2020 Mar 19
Our mental health may be bound to take a significant hit with the rampant Coronavirus scares and signs of panic across the globe. While distressing news alerts and mounting mass hysteria may result in sudden jolts of fear, stress and anxiety, these tips may help in pacifying yourself and loved ones while safeguarding your mental health amid the pandemic.
1. Limit your exposure to the news
Constantly hooked on to the news channel on TV, the radio or your smartphone with no breaks in between? Extensive news coverage on the pandemic may cause your stress and anxiety levels to skyrocket. Go offline or switch to some entertainment occasionally to strike a healthy balance. While keeping abreast of the latest information is helpful in educating yourself and others on the present situation, excessive news intake may cause unnecessary harm to both your mental and physical health.
2. Do not speculate
The widespread scares and circulation of false information that gets circulated across various mediums is a bane of our times. Avoid falling victim to rumour and unnecessary speculation and stick to reliable news sources to avoid feeling out of control. Refrain from forwarding “chain messages” with no reliable source and other false information circulated by certain groups and individuals to create fear and panic among the masses.
Q: How can I avoid being misled by false information?
Stick to reliable sources such as:
a. The Health Promotion Bureau
b. Department of Government Information Sri Lanka
Distinguish between accurate and fake news by downloading the Watchdog app or visiting their website on www.watchdog.paladinanalytics.com/
3. Take a break from social media
Browsing through social media can be triggering to those who already have an existing mental health problem. Being constantly exposed to news, potentially false information and unnecessary panic-ridden posts on newsfeeds are also likely to heighten anxiety and stress among users. If you find that certain content triggers your anxiety and stress, consider muting words, phrases and hashtags.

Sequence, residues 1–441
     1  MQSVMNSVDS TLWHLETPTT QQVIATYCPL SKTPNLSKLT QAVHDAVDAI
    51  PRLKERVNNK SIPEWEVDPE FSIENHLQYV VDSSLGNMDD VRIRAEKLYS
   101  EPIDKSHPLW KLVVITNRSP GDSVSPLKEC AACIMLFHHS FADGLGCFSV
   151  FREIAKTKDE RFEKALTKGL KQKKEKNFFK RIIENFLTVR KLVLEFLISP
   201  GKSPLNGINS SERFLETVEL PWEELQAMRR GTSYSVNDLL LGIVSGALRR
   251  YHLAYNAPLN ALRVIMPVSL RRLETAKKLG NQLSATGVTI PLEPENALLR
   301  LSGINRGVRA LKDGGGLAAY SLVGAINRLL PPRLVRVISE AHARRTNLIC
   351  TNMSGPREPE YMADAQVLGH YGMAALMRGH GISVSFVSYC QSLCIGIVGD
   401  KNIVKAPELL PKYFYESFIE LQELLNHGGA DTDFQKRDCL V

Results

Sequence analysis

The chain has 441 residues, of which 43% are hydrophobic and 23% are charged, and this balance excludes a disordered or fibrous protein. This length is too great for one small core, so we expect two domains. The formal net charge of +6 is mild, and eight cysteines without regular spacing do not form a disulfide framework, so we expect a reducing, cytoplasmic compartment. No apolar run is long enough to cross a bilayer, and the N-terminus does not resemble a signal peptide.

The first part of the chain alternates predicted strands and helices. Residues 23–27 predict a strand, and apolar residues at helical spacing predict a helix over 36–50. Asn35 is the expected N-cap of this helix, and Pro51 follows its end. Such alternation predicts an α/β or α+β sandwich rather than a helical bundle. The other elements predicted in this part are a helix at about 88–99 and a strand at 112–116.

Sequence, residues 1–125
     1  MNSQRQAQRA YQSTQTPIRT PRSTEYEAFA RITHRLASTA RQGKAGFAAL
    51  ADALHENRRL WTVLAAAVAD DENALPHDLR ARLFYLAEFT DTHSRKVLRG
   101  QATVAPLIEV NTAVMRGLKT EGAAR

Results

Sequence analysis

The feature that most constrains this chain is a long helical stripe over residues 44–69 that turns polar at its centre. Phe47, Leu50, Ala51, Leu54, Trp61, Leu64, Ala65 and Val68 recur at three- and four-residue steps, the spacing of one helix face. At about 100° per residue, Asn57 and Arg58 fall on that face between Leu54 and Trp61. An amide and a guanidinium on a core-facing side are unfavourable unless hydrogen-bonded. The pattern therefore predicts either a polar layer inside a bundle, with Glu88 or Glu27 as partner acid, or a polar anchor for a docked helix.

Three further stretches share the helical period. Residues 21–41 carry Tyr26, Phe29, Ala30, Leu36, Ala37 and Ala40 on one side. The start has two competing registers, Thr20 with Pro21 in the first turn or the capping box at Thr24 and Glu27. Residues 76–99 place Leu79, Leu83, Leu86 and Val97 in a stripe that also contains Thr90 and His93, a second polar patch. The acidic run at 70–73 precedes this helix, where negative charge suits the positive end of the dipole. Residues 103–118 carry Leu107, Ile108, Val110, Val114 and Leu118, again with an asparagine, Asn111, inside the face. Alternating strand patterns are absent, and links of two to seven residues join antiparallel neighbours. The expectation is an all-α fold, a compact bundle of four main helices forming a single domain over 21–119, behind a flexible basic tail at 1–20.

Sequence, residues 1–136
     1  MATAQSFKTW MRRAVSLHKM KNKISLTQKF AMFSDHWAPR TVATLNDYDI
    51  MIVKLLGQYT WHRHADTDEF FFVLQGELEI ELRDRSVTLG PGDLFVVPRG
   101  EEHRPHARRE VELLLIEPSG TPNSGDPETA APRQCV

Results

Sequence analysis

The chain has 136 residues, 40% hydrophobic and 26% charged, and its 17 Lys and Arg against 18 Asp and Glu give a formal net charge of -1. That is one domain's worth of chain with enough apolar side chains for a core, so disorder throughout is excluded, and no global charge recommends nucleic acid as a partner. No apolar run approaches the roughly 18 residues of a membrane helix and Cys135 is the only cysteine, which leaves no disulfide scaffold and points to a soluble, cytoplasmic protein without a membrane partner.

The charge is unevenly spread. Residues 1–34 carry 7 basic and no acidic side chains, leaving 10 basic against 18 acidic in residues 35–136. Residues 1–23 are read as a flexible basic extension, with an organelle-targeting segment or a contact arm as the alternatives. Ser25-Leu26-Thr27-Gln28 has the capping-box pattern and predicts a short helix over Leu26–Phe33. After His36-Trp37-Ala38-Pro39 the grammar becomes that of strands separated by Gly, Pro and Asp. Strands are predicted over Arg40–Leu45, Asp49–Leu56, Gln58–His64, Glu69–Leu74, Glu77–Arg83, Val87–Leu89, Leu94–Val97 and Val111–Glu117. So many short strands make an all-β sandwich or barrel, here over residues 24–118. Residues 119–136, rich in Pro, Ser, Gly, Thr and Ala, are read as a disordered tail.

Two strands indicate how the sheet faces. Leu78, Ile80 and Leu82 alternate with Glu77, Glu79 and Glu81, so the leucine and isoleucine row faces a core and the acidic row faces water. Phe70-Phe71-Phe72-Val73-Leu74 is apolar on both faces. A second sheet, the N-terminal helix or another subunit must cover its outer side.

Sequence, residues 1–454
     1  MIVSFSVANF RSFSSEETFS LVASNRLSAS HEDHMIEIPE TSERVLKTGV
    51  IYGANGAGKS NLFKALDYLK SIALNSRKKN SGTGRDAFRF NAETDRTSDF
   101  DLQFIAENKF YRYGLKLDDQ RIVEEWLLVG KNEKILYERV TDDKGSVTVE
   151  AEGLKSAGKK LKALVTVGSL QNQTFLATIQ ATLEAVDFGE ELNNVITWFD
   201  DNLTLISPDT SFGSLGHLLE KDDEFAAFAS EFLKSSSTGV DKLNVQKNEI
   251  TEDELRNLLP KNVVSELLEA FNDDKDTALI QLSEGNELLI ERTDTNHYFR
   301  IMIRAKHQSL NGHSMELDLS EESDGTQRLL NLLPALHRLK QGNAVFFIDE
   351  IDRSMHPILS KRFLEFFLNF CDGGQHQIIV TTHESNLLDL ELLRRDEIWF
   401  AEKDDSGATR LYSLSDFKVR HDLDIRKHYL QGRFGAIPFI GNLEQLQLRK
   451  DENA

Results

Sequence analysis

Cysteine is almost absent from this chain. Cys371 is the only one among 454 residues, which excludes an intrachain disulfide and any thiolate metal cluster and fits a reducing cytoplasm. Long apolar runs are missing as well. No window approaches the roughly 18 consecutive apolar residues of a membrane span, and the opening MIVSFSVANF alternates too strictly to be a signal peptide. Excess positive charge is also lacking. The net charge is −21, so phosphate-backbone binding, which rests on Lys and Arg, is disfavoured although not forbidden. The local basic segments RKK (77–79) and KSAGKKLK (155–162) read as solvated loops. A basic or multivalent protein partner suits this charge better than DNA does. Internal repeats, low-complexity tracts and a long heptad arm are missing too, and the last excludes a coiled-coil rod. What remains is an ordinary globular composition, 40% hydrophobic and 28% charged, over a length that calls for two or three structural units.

4. Stay connected
Surrounding yourself with the right people helps to keep oneself calm and, on the off chance, distracted. Even if you happen to be in self-isolation, use this time to connect with loved ones by telephone, email or social media. Check in on those who might be particularly vulnerable or alone during this period. Keep in mind that it is never wise to sensationalise the current situation while conversing with friends and family, as this too, can add to the panic and fear that you and others are experiencing.
5. Pay attention to your own needs and feelings
Being in self-isolation can leave you feeling stressed and anxious. Pay attention to how you feel and remember that it is okay to be feeling that way. Acknowledging your emotions is a good first step to recognising your feelings and taking care of your needs. Make sure that you find some downtime. The BBC recommends spending time with nature and sunlight if possible. Exercise regularly, stick to healthy and regular sleeping routines and engage in activities that you enjoy doing.
6. Practice mindfulness
If you are feeling out of control and are going through jolts of uncertainty and stress, know that you are not alone and your feelings are valid. Practising mindfulness is a helpful way to feel in control and be present in the moment without giving way to panic or fear. The practice is a natural quality we all have and involves being intensely aware of who you are, where you are at and what you are feeling at the moment. Going through guided breathing exercises, imagery and other methods to relax your body are some guaranteed ways to feel better.
7. Talk to your children
Children, in particular, may be left feeling vulnerable and confused during this time. The World Health Organisation (WHO) recommends finding positive ways for children to express their feelings, such as fear or sadness. Let them know that they are in a safe and supportive environment. Try to maintain a familiar routine and engage in creative activities, such as playing and drawing, while they are confined at home.